Vanuatu Food Security and Agriculture Cluster meets to discuss way forward

The Vanuatu Food Security and Agriculture Cluster (FSAC) convened a meeting this week to establish and activate the coordination of the emergency food security response plan in light of the coronavirus COVID-19 pandemic.

Over 30 members of the FSAC attended the meeting to provide updates on any contingency plan and how NGOs, Private Sector and Government Departments should work together to combat COVID-19 situation.

The FSAC meeting was attended by Directors of all Departments under MALFFB, Ministry of Trades, International partners based in Vanuatu, members of FSAC (WHO, WFP, FAO, UNDP, UNICEF, DFAT, MFAT, etc) and the private sector.

The meeting was chaired by the Director for the Department of Agriculture and Rural Development (DARD) Antoine Ravo. The Caretaker Minister for the Ministry of Agriculture, Livestock, Forestry, Fisheries and Biosecurity, Matai Seremaiah, and Acting Director General for MALFFB, William Naviti, also attended the cluster meeting.

Caretaker Minister for MALFFB, Mr Seremaiah, emphasized strongly at the meeting that “In regards to food security, the issue now is to start planting short term crops (three months harvest) such as vegetables, sweet potato and island cabbage and identify what available options we have especially for Luganville and Port Vila urban areas.

“We need to have sustainable plans in place. For sure the coronavirus will come so we need to consider the worst case scenario and that is emergency preparedness immediately.

“It is an opportunity for MALFFB and its partners to do extensive awareness on promoting the concept of backyard gardening which will be difficult in some areas.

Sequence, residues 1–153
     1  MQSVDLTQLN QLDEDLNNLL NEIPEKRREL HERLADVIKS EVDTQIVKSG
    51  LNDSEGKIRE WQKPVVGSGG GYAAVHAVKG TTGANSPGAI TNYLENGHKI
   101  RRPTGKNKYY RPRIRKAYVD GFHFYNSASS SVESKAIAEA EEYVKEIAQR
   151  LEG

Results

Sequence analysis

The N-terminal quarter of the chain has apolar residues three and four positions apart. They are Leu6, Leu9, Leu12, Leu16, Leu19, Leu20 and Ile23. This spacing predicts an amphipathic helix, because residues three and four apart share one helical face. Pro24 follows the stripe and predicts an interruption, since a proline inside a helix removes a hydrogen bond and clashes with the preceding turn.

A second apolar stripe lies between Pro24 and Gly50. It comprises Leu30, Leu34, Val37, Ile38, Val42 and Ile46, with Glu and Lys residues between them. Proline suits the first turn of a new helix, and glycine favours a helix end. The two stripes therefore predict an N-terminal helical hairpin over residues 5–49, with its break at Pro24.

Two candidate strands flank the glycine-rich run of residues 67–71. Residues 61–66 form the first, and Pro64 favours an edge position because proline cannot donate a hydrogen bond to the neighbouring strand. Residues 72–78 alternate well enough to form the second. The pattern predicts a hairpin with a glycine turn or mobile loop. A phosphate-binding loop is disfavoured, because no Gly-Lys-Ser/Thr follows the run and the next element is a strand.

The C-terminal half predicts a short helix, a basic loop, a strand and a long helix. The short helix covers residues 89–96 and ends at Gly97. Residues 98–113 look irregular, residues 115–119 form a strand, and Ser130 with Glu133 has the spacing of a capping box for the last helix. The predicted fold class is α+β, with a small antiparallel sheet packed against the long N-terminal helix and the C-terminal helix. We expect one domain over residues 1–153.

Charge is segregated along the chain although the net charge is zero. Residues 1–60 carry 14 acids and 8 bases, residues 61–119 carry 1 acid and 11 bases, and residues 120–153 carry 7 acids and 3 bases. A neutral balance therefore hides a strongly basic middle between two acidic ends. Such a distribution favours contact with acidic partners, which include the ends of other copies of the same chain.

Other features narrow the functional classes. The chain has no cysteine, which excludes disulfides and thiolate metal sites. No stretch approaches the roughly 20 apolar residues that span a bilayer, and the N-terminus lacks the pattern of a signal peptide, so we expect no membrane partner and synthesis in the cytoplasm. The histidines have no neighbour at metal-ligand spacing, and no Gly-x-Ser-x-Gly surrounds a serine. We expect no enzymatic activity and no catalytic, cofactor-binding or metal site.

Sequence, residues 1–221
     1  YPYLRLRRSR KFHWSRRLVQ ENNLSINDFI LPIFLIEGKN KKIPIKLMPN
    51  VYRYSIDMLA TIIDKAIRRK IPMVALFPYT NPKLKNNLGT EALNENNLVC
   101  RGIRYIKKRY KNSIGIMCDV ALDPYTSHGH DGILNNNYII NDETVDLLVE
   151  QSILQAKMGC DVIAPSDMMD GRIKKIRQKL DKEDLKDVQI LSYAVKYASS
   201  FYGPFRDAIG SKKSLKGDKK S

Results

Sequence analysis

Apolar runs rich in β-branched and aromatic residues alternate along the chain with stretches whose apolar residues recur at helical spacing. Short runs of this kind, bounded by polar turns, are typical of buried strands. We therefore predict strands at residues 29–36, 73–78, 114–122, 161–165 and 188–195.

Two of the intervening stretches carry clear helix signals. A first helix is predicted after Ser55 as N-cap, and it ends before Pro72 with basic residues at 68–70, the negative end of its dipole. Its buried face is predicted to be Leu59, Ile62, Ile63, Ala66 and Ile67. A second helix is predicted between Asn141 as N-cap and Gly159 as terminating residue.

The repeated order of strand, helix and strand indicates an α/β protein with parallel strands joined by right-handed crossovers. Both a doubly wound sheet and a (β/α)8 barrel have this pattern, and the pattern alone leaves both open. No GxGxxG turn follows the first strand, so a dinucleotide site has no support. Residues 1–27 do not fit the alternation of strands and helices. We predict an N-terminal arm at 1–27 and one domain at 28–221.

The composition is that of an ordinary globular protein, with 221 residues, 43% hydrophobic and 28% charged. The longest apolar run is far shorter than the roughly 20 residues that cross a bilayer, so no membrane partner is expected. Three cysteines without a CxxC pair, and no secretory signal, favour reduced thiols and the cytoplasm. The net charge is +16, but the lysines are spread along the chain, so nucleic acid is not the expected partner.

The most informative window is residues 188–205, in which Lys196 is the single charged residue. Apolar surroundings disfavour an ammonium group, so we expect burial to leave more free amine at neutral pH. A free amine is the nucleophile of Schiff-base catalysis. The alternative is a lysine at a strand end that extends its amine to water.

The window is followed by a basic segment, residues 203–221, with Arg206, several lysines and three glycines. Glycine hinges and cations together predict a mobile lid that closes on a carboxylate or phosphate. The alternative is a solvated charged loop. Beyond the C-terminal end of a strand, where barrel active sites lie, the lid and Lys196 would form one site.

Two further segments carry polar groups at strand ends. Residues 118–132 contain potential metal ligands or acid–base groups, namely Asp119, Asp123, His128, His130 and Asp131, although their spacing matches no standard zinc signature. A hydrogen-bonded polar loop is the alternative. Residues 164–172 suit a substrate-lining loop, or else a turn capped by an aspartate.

“We must consider ‘Food Basket’ but not really a good measure as we are trying to avoid crowding of people in one area of increasing more risk but backyard garden and aquaculture fish farming will be encouraged”.

Mr Seremaiah added that “The MALFFB and private sector could work together to provide appropriate soil and seeds now that the students are at home, this is an opportunity for them to start doing some backyard gardening and after three months they can start harvesting fresh vegetables from their backyard.

“The preparation mindset should focus on the worst-case scenario and we should start planting immediately encouraging individual homes to start planting now.

“The government budget does not gather for this pandemic and I don’t believe the government can afford to feed the population for four to five months so each household should start growing their own food”, he said.

Food supplies in the island will not be a major problem as people have access to large land areas but in the two main centers of Port Vila and Luganville, people need to start planning to plant their own vegetables and root crops in their backyards.

The discussions shared by FSAC members were very constructive targeting immediate actions to be taken to maintain the sustainability of local food supplies and that ni- Vanuatu to take advantage of the situation to increase production to ensure food secure.

The DARD team in Port Vila, will also have a meeting this week to discuss plans that will be carried out in response to COVID-19 including commercial food basket set up whereby DARD will be working with commercial farmers under a Public Private Partnership (PPP) initiative to source planting materials for household to plant.

Port Vila residents are encouraged to commence backyard gardening as seeds and seedlings will be provided to interested households.


Photo supplied Caption: Caretaker Minister of Agriculture, Matai Seremaiah and members of the Food Security and Agriculture Cluster


Tensly Sumbe